A trip to see The Manx Shearwaters off The Isle of Rum
Every year around one hundred thousand pairs of Manx Shearwaters descend upon the Cuillins of Rum to nest and breed. Around a third of the world's population of this specialist seabird travel from the coast of South America, arriving on The Rum Cuillins around March, re-uniting with long-term mates to find and spring clean their nesting burrows.
Not surprisingly, since Shearwaters spend so much time at sea they are not so well adapted to land and are vulnerable to attack, so only dare return to their nesting burrows in the hours of darkness.
They gather in massive rafts in the sea off the coast of Rum in late evening and head off in mass back to their burrows after darkness falls. An amazing spectacle, and one we were privileged to witness earlier this summer with wildlife experts from Scottish Natural Heritage and The Isle of Rum.
The evening boat trips with SNH ran over three days at the end of July, departing from Mallaig, picking up further enthusiasts at Kinloch on Rum before heading off round the East coast of Rum to see the shearwaters.
The wildlife adventure started as soon as we set off on The MV Orion from Mallaig with a chance to see the Kittiwakes nesting on the harbour wall and with a close encounter with a gannet. At Kinloch we saw red throated divers in the distance as well some of the usual suspects.
Heading off around the coast we had time to visit the kittiwake colony on the cliffs below Askival and Hallival.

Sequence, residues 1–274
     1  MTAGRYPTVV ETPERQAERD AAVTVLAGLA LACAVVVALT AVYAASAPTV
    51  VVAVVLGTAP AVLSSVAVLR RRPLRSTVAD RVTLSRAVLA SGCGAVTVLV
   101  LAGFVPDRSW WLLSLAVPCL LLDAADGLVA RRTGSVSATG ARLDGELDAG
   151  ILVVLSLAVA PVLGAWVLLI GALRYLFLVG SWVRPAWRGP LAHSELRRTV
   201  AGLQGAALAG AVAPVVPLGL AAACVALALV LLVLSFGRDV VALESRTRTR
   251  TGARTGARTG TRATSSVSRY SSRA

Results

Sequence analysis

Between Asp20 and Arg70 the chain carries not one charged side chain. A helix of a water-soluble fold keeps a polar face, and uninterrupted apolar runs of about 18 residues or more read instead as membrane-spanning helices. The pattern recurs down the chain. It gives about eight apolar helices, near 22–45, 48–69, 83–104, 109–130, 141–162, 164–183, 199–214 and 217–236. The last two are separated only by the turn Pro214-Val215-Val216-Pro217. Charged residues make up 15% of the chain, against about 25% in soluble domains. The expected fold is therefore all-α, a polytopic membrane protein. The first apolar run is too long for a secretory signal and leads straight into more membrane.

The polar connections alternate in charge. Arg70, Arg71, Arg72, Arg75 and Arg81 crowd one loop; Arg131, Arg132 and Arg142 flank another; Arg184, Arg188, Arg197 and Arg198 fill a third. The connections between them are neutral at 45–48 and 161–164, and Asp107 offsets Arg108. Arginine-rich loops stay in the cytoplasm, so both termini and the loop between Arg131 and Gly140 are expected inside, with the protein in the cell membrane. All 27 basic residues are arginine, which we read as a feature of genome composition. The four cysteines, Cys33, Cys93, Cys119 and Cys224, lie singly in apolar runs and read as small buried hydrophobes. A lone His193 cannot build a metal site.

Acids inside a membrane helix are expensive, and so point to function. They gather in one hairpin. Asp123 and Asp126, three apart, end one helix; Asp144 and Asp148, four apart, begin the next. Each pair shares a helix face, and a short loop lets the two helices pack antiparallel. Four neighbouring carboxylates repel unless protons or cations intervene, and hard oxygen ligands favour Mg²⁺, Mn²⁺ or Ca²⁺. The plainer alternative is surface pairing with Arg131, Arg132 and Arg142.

In similarity with the harbour wall at Mallaig, the lava ledges on the cliffs provide a safe nesting environment away from land predators.
Not so safe from aerial attack though as we witnessed for our self when the approach of a juvenile white-tailed eagle caused mayhem in the colony.
Luckily for the kittiwakes the eagle had no luck and flew off, disappearing into the cliffs. For such large birds they are surprisingly well camouflaged and difficult to spot when at rest.
As darkness approached the rafts of shearwaters off the coast started to grow. The MV Orion was able to get up close to the rafts allowing for some great sightings of the birds arriving and settling prior to their nigh time return to their burrows some 200m above sea level on the Cuillins.
The experts from Rum and SNH provided a great insight into the lives of the shearwaters and talked a little about the on-going monitoring and management plans.
All in all, a great wildlife experience and opportunity to learn more about the wildlife of Lochaber. Many thanks to SNH for organising the trip and the skipper of MV Orion for getting so close to such amazing wildlife.
To learn more about Manx Shearwaters you can read the excellent leaflet by SNH, Manx Shearwater, The Wandering Mariner.
Keep up to date with wildlife events across Lochaber at www.wildlochaber.com/whats-on/wildlife.